[Slides 24-25]
Jalani Wynn: 2012 Gates Millennium Scholar, attending Morehouse
[Slide 26]
There are key components of a classroom climate and culture that is
conducive to teaching and learning:
• Students must have a sense of self-identify and self-pride
• The teacher must have high expectations
• There must be individual, group, and classroom norms
• Students’ vocabulary must be expanded within a culturally relevant
context, e.g, resilience, perseverance, fortitude, persistence, graceful,
and compassionate, including the situational appropriateness of
Standard English and academic language
[Slide 27]
The text, The Eagles who Thought They were Chickens (Wynn, 1999) is
used to cultivate a culturally responsive and holistic classroom environment
where students can spread their wings and soar toward their dreams.
For black males to pursue their dreams, the teacher must create an
environment that inspires, affirms, and validates their gifts, talents, potential,
and historical past:
© 2014 Mychal Wynn • info@accessandequity.org • page 7 of 20
Use literature to affirm your beliefs and frame your expectations.
“I am expecting people to visit our classroom throughout the school year,
so each student will need to have a name card on their desk, e.g.,
Amazing Amanda, Incredible Iesha, Remarkable Ray-Ray.”
[Slide 28]
Tell parents what you are going to do to help their children to spread their
wings and what you need for them to do to support you.
“Some of the ways that I work with parents to ensure their child’s success
in my classroom are:”
• I send home a weekly folder on Friday with student work (graded and
unfinished), important notes, and parent tips (and post to teacher
• If I need to contact you, I will try to contact you via the best method that
you determine (i.e., phone, email, text message, note in bottle, etc.).
• My classroom is always open and you are always welcomed to come
and observe or to volunteer.
[Slide 29]
Rigor, relevance, and relationships—First “Relevance,” then
“Relationships,” and finally, “Rigor.”
Culturally relevant classroom management is built around a set of
expectations that are “relevant” and reflective of the desired student-teacher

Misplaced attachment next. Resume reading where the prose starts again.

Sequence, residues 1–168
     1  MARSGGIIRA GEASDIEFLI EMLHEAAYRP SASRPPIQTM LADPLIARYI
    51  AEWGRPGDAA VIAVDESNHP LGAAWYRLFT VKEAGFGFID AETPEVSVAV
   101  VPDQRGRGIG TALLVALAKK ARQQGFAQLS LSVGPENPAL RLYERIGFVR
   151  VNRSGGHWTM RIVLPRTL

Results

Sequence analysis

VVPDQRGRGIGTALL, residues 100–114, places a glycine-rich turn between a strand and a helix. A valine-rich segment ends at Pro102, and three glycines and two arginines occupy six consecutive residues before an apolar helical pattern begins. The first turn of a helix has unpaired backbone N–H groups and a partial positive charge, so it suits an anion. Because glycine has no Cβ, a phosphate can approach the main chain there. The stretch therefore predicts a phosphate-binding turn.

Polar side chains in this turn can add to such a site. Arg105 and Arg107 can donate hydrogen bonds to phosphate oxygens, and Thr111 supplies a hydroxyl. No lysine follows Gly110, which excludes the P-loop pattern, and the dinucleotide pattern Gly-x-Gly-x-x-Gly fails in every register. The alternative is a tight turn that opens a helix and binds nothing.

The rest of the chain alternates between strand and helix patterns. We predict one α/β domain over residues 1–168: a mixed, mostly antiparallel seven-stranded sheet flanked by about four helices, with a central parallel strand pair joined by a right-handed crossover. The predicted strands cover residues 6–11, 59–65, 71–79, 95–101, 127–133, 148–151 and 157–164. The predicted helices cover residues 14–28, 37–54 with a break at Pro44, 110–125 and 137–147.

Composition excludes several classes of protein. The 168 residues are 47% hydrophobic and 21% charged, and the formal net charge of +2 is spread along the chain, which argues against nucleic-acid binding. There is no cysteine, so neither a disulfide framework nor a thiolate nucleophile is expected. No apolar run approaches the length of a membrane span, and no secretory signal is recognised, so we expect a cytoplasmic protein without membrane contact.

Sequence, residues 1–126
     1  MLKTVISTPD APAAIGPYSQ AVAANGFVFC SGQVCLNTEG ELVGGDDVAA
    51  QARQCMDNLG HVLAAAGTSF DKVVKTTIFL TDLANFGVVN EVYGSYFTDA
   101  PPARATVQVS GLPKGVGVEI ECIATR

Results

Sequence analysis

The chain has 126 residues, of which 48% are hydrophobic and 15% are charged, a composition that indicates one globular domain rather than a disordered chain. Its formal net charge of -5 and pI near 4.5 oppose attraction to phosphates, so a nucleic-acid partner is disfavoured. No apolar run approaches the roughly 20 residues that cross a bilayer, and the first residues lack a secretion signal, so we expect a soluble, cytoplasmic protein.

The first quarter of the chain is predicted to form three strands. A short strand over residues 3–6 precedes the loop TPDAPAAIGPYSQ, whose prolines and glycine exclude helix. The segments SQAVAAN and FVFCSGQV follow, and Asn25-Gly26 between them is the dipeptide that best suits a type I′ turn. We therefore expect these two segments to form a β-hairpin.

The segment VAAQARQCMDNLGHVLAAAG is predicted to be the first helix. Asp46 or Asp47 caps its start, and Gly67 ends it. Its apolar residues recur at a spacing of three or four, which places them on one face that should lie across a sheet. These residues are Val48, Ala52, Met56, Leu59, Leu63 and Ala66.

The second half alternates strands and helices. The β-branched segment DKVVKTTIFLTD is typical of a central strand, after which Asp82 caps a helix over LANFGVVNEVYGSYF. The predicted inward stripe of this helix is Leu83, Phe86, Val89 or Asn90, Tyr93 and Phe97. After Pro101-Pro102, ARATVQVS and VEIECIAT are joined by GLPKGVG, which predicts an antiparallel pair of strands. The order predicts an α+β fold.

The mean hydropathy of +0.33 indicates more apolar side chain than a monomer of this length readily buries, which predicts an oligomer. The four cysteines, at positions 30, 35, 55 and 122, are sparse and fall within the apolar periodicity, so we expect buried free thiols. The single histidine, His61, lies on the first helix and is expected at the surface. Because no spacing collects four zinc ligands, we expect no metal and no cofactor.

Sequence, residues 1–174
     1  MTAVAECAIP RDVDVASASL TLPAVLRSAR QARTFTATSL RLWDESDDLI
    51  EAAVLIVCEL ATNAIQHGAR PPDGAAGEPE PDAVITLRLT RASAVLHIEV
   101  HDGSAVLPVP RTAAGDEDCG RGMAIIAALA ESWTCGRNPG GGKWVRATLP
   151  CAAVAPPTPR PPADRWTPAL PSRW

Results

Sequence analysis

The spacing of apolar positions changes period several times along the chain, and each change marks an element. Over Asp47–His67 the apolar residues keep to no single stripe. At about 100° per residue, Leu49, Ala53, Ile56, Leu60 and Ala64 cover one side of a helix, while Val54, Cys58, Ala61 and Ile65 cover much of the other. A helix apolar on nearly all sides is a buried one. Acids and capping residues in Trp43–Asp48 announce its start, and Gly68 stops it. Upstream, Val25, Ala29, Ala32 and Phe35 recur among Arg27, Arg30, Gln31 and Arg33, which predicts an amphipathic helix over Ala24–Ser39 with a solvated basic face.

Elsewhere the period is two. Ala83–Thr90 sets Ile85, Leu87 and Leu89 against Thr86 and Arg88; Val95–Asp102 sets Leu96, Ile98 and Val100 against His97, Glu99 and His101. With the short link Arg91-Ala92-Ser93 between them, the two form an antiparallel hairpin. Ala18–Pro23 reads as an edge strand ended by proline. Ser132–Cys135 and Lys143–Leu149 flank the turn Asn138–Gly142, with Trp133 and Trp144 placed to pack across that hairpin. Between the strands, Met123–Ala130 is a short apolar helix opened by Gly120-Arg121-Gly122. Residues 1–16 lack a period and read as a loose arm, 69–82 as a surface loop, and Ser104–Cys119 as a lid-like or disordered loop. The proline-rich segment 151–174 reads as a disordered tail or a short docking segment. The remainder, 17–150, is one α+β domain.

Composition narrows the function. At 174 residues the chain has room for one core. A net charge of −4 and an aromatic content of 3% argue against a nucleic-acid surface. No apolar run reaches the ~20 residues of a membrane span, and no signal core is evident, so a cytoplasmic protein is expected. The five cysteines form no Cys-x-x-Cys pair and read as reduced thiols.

relationship [Following are examples of teacher voice prompts in classrooms
where teachers have fostered strong teacher-student relationships and the
language has become reflective of a collaborate classroom culture of respect
and high teacher expectations]:
• “Class,” ‘Yes’; “Class, class” ‘Yes, yes‘.”
• “Excuse me...”
• “My I have your attention...”
• “One...Two...Three...Four...Five.”
• “Councilman Hester.”
[Slide 30]
Video: Work hard, Work Smart, Be Consistent [https://
© 2014 Mychal Wynn • info@accessandequity.org • page 8 of 20
Black males in the primary grades who aspire to become professional
athletes provide us with many opportunities to create cultural constructs to
frame our expectations:
• It’s not the “workout” it’s the “work ethic”
• Building your brain is as easy as building muscle
• Read, think, write, and speak represent push-ups and sit-ups for the
Read: “Where you come from does not determine where you are going,
only where you began.”
Think: What does it mean to you?
Write: Write down your thoughts.
Speak: Talk to your neighbor about what you wrote.
[Slide 31]
Video: The Pact [https://www.youtube.com/watch?v=vY6KNYMhaj0]
Culturally relevant and enabling texts provide a pathway to increasing student
We must expand student access to enabling texts:
More than 30% of the adolescents [surveyed] did not identify a single text
they found significant. A young man offered that ‘I need to read interesting
topics like teen drama, violence, something you can relate your life or
other people’s lives to.’There are several reasons adolescents refuse to
read. Primary among them are a lack of interest in the texts and a lack of
requisite skills and strategies for handling the text independently. It is
imperative to identify and engage students with texts that pay attention to
their multiple identities. (Tatum 2013)
An enabling text is one that moves beyond a sole cognitive focus—such
as skill and strategy development—to include an academic, cultural,
emotional, and social focus that moves students closer to examining
issues they find relevant to their lives. For example, texts can be used to
help high school students wrestling with the question, What am I going to
do with the rest of my life? This is a question most adolescents find
essential as they engage in shaping their identities.
[Tatum, Enabling Texts: Texts That Matter]
Create book clubs reflective of the genres and interests of students.
© 2014 Mychal Wynn • info@accessandequity.org • page 9 of 20
[Slide 32]
Video: Ghetto Cowboy [https://www.youtube.com/watch?
[Slides 33-37]
Book: Follow Your Dreams: Lessons That I Learned in School (Wynn,
We must expand student access to enabling texts:
• What stories relate to my dreams, reflect my obstacles, and are
culturally relevant to my life?
• What stories relate to my gifts and talents?
• What stories can help me set goals and guide me along my pathway to
• What stories will help me pursue my college or career aspirations?
• What stories have characters who are going through what I am going
• What stories will inspire me to engage in self-reflection and self-
[Slide 38]
How to make your dreams a reality:
• Keep your dreams with you at all times and share them with people
you meet.
• Communicate them to parents with your weekly folders.
• Dedicate a bulletin board recognizing the people who are making your
dreams a reality.